She swallowed. No, I wasn’t there in that way. I was supposed to have been there. Five years ago. Instead she said, “Well, Vermont for now.”

“You’re in luck. I’m from Willow Springs.”

Buy links

Buy links for Soul of the Storm:

Amazon ~ Barnes and Noble ~ iTunes ~ Kobo ~ GooglePlay

You can also pre-order for my April 17th release, Will Rise from Ashes:

Amazon

Where can readers find you online?J Grant JPEG square

 

Website~ Twitter  ~ FacebookGoodreads~

Bookbub~ Amazon Author Page~

The Wild Rose Press

 

Read about more Deerbourne Inn titles:

 

Deerbourne Inn Dates

Today I’m talking to Julie Howard, author of three mysteries, Crime and ParadiseCrime Times Two, and recently Spirited Quest. She is a contributing author to the Deerbourne Inn series. Spirited Quest is available now.

What’s the first book you remember reading on your own as a child, or your favorite childhood read?

I started reading very early, at age three. My parents even started me in a private kindergarten a couple of weeks before I turned four because of this. I don’t remember what that first book would have been – most likely Dr. Seuss – but my favorite childhood read was My Friend Flicka.

I had a huge horse crush as a girl, and probably read Black Beautyfifty times. All through school, I was in the library every Saturday as soon as it opened and carried out an armload of books.

What’s your favorite place to write?

In cafes! I love the buzz of conversation around me as I write. I think this goes back to my days as a newspaper reporter and editor, working in a bustling newsroom where people moved about, TVs were on, and even arguments broke out. I can shut out almost any noise, but I find it difficult to write in complete silence.

What’s the most important lesson you have learned on your writing journey so far?

Never give up. And never give up on yourself. Writing and getting published isn’t easy. I have much more admiration of writers now that I’m published and understand a bit of what they’ve been through too. I don’t get discouraged easily and the early rejections didn’t stop me. In fact, they urged me on and prompted me to get better. Sort of like “Oh, you didn’t like this? Let me try again.”

What do you do when you feel stuck?

I’m a big believer in outlining my books and this helps enormously in not running into writer’s block. Every once in a while, however, I hit a spot where the plot just isn’t working, and I do get stuck. At that point, I move on to another scene later in the book. Usually, by the time I’m done with another scene, a resolution comes to me for the earlier scene I was stuck on. If not, I just keep moving forward. I never let myself stop writing.

Writers are readers too. Please recommend a romance you recently read and enjoyed.

I loved The Golem and the Jinii by Helene Wecker. This isn’t your ordinary romance since the characters aren’t human (and Golems aren’t technically alive) and it’s more a romance of the heart than the body. It’s a great story and so well-written. I’m anxiously awaiting the author’s next book.

What was it that appealed to you about the Deerbourne Inn series?SpiritedQuest_w13051_750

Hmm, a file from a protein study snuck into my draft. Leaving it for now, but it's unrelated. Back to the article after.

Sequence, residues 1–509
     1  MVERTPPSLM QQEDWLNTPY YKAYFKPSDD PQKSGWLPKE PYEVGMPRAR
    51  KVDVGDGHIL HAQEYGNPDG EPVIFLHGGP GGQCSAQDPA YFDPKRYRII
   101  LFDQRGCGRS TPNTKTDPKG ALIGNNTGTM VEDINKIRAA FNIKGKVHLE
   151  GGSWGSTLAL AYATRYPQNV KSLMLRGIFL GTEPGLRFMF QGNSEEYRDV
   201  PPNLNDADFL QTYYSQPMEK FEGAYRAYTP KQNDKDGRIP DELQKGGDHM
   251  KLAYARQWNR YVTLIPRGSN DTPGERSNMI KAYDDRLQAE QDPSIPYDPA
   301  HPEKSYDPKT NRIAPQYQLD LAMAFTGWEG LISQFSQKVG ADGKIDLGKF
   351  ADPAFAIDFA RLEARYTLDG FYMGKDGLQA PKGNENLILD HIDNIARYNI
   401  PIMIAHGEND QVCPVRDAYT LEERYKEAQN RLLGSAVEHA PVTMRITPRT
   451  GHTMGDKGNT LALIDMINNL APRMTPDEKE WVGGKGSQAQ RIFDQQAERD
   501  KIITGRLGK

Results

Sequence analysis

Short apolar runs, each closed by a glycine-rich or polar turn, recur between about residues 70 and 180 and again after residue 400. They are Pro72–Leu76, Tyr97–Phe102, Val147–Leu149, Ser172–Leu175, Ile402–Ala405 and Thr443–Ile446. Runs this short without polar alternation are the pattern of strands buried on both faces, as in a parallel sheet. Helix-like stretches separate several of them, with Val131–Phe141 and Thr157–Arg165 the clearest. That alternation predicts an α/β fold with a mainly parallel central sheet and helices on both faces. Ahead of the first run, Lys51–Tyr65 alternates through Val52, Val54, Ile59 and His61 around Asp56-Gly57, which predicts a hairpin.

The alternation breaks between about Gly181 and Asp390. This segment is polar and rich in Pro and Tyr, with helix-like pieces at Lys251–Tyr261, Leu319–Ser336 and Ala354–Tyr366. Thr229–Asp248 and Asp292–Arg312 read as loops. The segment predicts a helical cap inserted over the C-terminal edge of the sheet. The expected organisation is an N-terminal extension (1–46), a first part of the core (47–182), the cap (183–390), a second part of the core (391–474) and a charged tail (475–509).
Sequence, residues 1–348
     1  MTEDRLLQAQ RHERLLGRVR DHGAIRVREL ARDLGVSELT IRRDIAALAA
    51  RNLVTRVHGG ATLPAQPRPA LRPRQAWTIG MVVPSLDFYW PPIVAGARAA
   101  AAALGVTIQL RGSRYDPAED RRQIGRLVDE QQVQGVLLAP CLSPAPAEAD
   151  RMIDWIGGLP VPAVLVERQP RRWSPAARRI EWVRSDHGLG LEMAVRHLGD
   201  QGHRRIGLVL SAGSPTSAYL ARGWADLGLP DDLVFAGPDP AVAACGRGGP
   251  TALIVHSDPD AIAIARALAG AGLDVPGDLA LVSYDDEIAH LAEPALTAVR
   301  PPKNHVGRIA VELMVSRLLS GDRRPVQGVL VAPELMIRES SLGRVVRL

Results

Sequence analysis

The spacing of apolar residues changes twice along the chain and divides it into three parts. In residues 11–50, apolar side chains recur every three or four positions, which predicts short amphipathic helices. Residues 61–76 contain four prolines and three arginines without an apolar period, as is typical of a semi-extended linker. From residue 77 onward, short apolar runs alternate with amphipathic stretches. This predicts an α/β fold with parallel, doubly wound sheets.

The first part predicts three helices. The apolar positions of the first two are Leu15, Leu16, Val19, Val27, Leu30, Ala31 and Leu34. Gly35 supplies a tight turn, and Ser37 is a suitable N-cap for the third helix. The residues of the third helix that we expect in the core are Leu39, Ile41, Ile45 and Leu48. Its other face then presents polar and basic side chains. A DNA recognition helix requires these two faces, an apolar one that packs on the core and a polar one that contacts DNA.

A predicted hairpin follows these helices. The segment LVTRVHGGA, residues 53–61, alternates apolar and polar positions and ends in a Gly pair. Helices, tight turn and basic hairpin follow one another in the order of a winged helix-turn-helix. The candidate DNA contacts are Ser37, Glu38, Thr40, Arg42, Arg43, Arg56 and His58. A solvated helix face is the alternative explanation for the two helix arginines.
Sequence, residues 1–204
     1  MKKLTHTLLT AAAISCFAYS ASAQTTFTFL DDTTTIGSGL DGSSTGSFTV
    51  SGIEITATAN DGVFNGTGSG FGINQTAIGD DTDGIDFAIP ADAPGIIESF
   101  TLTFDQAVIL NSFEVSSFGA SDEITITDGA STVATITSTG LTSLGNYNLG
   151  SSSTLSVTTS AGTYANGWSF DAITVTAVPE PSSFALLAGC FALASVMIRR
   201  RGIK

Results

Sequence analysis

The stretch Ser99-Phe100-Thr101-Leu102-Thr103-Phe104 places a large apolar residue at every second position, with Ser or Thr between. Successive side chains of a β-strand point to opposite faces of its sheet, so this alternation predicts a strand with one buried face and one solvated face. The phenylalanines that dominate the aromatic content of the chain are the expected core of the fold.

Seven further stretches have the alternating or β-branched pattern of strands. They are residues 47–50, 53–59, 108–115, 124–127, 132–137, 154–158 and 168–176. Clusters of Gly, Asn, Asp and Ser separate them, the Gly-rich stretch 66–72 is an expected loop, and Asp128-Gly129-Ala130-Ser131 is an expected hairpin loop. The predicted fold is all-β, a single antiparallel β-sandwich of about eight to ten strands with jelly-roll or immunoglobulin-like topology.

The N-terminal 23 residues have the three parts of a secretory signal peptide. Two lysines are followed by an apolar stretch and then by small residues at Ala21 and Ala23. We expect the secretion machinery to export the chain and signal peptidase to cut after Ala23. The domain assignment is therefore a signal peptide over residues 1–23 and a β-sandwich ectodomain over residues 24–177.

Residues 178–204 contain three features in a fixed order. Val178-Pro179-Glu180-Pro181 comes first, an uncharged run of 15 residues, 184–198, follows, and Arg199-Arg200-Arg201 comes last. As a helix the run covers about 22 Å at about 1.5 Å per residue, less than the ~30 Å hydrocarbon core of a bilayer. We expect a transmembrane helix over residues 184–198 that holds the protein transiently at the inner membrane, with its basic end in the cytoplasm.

To be honest, I’m surprised I ended up writing for the Deerbourne Inn series at all. I didn’t know if I could write a good short mystery. But once I learned there was a ghost at the Deerbourne Inn, the plot came to me in a flash. All of a sudden I HAD to write the story. It was as though the ghost haunted me until I wrote about her. Now I’m hooked on writing shorter novels and would love to write more of them.

What was the inspiration behind Spirited Quest?

Since childhood, one of my favorite types of books to read has been magical realism. It was just a matter of time before I sat down to write a ghost story. I’m so glad I had the opportunity to write this one. I’ve always believed there was something behind the closet door and under the bed, but these days I’m not afraid of them.

Tell us about Spirited Quest in 100 words or less.

My main character, Paige Norman, believes in a tangible, explainable world. When her ghost-hunting niece comes for a visit, she tries not to scoff. But someone, or something, is stirring up trouble at the Deerbourne Inn and her niece, Jillian, is at the center of the mystery. Paige is certain the handsome Aussie photographer is behind unexplained disturbances. Meanwhile, Jillian gets to know the spirit of the Deerbourne, who foretells an encounter with “two men.” Then the pranks turn dangerous. Has her niece attracted a stalker or has she conjured up evil? Can the culprit be the man who has captured her heart?

Do you have an extract you can share with us?

He nodded a friendly greeting to her, his gaze grazing past to include others on the porch. “G’day, ma’am. G’day all.”

An Australian. Her heart skipped a beat. Oh, to be twenty-five, even thirty-five, again. His gaze settled on her niece, and as always happened to men where this girl was concerned, his jaw slackened, then tightened.

Next to her, Jillian grew still, lifting wide blue eyes to the newcomer. The moment passed. He was through the front door and into the lobby, and the door closed behind him.

“You’re in for some nice company this week,” Paige commented with a smile.

A frown flickered across her niece’s face. “I’ve seen him before.”

“You’ve met?”

“Not exactly. He appeared to me in a dream.” Jillian’s blue eyes were troubled as she gazed at the Inn’s front door. She lifted one hand and rubbed the back of her head, then gave a shiver. “There was blood and I was afraid.”

Buy links

Julie Howard pix.jpg

Where can readers find you online? 

Wordsmith Wednesday